The number of coronavirus (COVID-19) cases continues to climb in Calhoun County, and health and local officials cite several different factors that contribute to the increase.

Memorial Medical Center’s Chief of Nursing Officer Erin Clevenger believes a large part of the increase is widely due to the reopening of Texas. She made it clear that she was not advocating for or against it.

“I think as businesses, restaurants, and bars started reopening, people felt a false sense of being “over” COVID-19 and started backing off on the safety measures we had pushed for so long,” Clevenger said.

From the time Texas reopened to now, there were large riots and protests across the nation. While there was not a protest or riot in Calhoun County, Calhoun County Judge Richard Meyer stated that he believes the spike in numbers is due to a lack of common sense, along with the riots and protests.

“The point was made that persons being tested could not be asked if they participated in a protest or riot,” Meyer said.

Currently, at Memorial Medical Center, the hospital is at full capacity. The isolated six-bed COVID-19 unit is at full capacity with six patients.

“We have surge plans in place to move some things around and open another 10-bed isolation unit if need be,” Clevenger said.

One of the problems health officials are running into is the time it is taking the state to report case numbers. The testing is taking anywhere from three to 10 days to receive results from the labs.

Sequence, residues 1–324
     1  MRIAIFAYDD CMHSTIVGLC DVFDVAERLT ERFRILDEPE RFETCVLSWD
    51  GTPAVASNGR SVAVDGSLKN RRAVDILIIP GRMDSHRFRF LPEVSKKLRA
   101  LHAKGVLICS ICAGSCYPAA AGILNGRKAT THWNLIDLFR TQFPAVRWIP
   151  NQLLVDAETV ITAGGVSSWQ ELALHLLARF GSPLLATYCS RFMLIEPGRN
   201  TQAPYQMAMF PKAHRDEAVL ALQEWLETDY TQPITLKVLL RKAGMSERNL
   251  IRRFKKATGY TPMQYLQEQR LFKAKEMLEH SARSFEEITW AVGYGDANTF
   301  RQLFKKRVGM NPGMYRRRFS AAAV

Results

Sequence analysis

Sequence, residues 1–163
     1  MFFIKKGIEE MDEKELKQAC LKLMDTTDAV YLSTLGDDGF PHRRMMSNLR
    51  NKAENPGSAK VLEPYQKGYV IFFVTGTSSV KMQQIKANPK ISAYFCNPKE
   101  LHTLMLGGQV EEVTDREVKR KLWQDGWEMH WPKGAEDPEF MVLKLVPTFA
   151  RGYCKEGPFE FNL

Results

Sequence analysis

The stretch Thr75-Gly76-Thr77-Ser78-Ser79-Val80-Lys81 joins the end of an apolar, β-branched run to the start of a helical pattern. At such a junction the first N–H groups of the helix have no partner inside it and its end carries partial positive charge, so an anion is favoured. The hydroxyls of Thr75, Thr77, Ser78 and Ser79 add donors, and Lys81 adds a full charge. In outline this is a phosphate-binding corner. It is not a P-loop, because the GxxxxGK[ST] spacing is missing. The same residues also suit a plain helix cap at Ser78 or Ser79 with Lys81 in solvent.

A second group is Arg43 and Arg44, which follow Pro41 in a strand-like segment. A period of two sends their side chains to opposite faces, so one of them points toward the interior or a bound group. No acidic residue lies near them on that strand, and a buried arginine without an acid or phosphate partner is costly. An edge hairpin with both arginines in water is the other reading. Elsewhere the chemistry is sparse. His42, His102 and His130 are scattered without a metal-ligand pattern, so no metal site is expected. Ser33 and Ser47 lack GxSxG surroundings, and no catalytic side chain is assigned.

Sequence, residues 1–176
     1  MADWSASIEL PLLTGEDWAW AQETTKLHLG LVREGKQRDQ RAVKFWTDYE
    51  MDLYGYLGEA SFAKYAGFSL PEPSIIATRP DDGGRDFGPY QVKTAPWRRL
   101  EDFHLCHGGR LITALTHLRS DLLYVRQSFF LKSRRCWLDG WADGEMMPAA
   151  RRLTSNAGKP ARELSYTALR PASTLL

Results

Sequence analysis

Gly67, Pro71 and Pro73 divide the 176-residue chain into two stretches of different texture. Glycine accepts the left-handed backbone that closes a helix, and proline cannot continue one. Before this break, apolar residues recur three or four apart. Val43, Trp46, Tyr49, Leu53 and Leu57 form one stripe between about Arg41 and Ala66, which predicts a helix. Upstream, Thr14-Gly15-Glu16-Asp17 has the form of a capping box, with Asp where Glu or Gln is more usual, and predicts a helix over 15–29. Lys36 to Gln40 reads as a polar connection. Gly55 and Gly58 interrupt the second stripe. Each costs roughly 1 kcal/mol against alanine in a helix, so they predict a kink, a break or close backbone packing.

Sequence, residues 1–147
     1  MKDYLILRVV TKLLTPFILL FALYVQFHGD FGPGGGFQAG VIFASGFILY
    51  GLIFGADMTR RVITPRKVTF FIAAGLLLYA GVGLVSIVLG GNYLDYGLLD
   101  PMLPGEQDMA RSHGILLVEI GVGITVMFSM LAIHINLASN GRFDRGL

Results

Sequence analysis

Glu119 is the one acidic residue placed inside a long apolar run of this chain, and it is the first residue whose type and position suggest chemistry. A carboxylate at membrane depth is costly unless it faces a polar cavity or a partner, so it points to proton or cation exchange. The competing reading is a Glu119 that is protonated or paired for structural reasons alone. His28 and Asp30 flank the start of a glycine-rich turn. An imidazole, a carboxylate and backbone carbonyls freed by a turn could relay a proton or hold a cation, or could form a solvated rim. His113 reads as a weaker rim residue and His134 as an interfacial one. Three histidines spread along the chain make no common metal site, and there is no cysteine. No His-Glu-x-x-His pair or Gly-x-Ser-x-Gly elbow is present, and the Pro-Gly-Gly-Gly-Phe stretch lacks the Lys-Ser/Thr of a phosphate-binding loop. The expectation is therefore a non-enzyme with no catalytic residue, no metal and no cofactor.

“Some of the positive results that we received today were from people who were tested eight days ago. The labs are trying to secure more staff and are working around the clock to decrease the time it takes to get results, but as it stands, we are still expecting to wait an extended amount of time for patients to get their results,” Clevenger said.

MMC has been working on getting rapid testing in Calhoun County without success.

“When this happens, this will be a major benefit for our patients, medical community, and employers,” Clevenger stated.

MMC is still running into a serious delay with the amount of time it takes for results to get reported. A delay and problem that could have been avoided with a county health department.

“One major drawback in this county is the fact that we do not have a health department. We (MMC and Port Lavaca Clinic) are trying to be there for our COVID positive patients in a way that a health department would normally be, but there are some things that just can’t be replaced,” Clevenger said. “In a town with a health department, a person testing positive for COVID-19 would expect to hear from their health department within 24 hours. In a town without a health department, we are being told to tell our patients that they will hear from someone from the health department in about 7 days.”

As of Monday night Calhoun County had 79 total (which include probable, pending, confirmed) cases, 56 confirmed, 53 recovered, 23 active (which include the pending numbers), 17 pending, six probable, and three deaths.